Kennedy Space Center KSC Launch Abort System Facility Orion Exploration Flight Test 1 EFT 1 United Launch Alliance Delta IV Heavy VAB photo credit Jared Haworth SpaceFlight Insider

Orion departing the Launch Abort System Facility or “LASF” on Nov. 11, 2014. Photo Credit: Jared Haworth / SpaceFlight Insider

Initial components were brought from the Michoud Assembly Facility where the final welds of the pressure vessel were completed this past June. This final, flight-ready configuration includes the Launch Abort System with associated shroud, the Orion spacecraft itself, the service module and the adapter ring which will match the Delta IV launch vehicle. The Launch Abort System (LAS) is a new design provided by ATK.

The rollout is more complicated than simply traveling across the space center to SLC-37. The spacecraft has to avoid corrosion and contamination threats prior to the actual mating with the Delta launch vehicle. A dry gas had to be pumped into the space between the capsule and the shroud or ogive around it. This will prohibit moisture accumulation which could potentially cause contamination or corrosion.

EFT-1_mission_diagram NASA image posted on SpaceFlight Insider

The EFT-1 mission profile. Image Credit: NASA

On Monday afternoon, NASA and Lockheed Martin held a joint news conference at the LASF, to talk about the Orion Spacecraft and EFT-1 mission.

In attendance were Kennedy Space Center Director Bob Cabana and Johnson Space Center Director Ellen Ochoa, both former astronauts in NASA’s Space Shuttle Program. Also attending the press briefing were Orion Program Manager Mark Geyer, and Lockheed Martin Space Systems Company director of Human Space Flight Programs Mike Hawes.

Orion at LASF Kennedy Space Center NASA photo posted on SpaceFlight Insider

The EFT-1 Orion prior to its rollout. Photo Credit: NASA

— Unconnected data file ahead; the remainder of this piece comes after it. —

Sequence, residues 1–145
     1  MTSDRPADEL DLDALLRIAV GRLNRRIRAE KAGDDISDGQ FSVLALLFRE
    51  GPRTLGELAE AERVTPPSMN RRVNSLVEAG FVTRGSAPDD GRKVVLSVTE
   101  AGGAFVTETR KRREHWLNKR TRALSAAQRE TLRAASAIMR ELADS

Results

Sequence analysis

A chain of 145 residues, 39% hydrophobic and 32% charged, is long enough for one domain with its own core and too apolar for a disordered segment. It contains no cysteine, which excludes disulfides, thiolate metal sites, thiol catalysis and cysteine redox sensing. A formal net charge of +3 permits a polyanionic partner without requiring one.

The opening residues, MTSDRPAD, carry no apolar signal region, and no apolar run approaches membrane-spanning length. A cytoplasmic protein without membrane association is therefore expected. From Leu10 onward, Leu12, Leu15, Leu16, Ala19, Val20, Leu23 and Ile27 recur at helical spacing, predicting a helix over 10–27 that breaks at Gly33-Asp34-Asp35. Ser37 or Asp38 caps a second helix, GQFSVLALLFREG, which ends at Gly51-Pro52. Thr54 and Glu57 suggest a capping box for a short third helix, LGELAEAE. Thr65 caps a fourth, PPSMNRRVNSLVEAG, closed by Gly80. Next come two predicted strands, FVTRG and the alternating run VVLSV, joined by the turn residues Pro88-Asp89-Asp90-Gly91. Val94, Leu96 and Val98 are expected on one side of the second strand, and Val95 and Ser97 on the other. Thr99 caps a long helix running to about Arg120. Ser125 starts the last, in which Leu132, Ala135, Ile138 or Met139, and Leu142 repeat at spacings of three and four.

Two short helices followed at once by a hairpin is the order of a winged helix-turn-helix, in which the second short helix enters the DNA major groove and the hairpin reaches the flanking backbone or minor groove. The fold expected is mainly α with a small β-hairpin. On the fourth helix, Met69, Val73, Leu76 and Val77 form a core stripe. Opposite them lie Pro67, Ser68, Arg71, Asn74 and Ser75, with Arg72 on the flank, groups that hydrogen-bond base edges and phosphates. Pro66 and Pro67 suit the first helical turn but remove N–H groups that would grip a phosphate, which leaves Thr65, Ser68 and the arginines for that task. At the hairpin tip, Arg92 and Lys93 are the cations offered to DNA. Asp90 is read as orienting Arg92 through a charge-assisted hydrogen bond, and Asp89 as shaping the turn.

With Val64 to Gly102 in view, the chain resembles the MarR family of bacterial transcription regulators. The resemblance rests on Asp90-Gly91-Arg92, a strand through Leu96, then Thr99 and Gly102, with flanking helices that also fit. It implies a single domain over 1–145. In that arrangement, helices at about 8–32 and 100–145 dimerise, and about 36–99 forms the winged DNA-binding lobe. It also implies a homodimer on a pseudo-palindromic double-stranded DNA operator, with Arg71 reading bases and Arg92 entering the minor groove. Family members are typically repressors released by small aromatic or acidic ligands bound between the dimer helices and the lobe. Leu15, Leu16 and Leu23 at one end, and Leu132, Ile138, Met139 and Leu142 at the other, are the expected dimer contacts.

“When it rolled out of the Neil Armstrong O&C high bay – that was really special. That’s the first time that a crewed vehicle has rolled out of that high bay – since the Apollo-Soyuz Test Project back in 1975,” Cabana said.

Orion’s first mission – will be just two orbits reaching an altitude of 3,600 miles (5794 kilometers), approximately 15 times farther out than standard low-Earth orbit. EFT-1 will be an unmanned test of several systems, but most importantly the high speed reentry and it’s effects on the heat shield.

During re-entry the craft will reach speeds of 20,000 miles (32,187 kilometers) per hour and will encounter temperatures near 4,000 degrees. For comparison, the temperature of lava is approximately 2,200 degrees fahrenheit and titanium melts at 3,000 degrees. Other tests included in this mission will include separation events, avionics and software performance, attitude control and guidance, parachute deployment and recovery.

Over the next few weeks the Orion Spacecraft, along with its launch abort tower and service module will be mated to ULA’s Delta IV Heavy rocket with launch currently planned for no-earlier-than (NET) Dec. 4 at 7:05 a.m. EDT (1105 GMT).

“Orion represents the latest human-rated spacecraft that Johnson Space Center has had the privilege of developing,” Ochoa said. “This initial test flight, which focuses on some of the highest risks to bringing the crew back safely from exploration missions – is really important to us.”

Geyer reinforced Ochoa’s comments regarding the crucial lessons that EFT-1 will impart upon the space agency.

NASA Orion Program Manager Mark Geyer photo credit Jared Haworth SpaceFlight Insider

NASA’s Orion Program Manager Mark Geyer addresses a question from the media during a news conference held on Nov. 10. Photo Credit: Jared Haworth / SpaceFlight Insider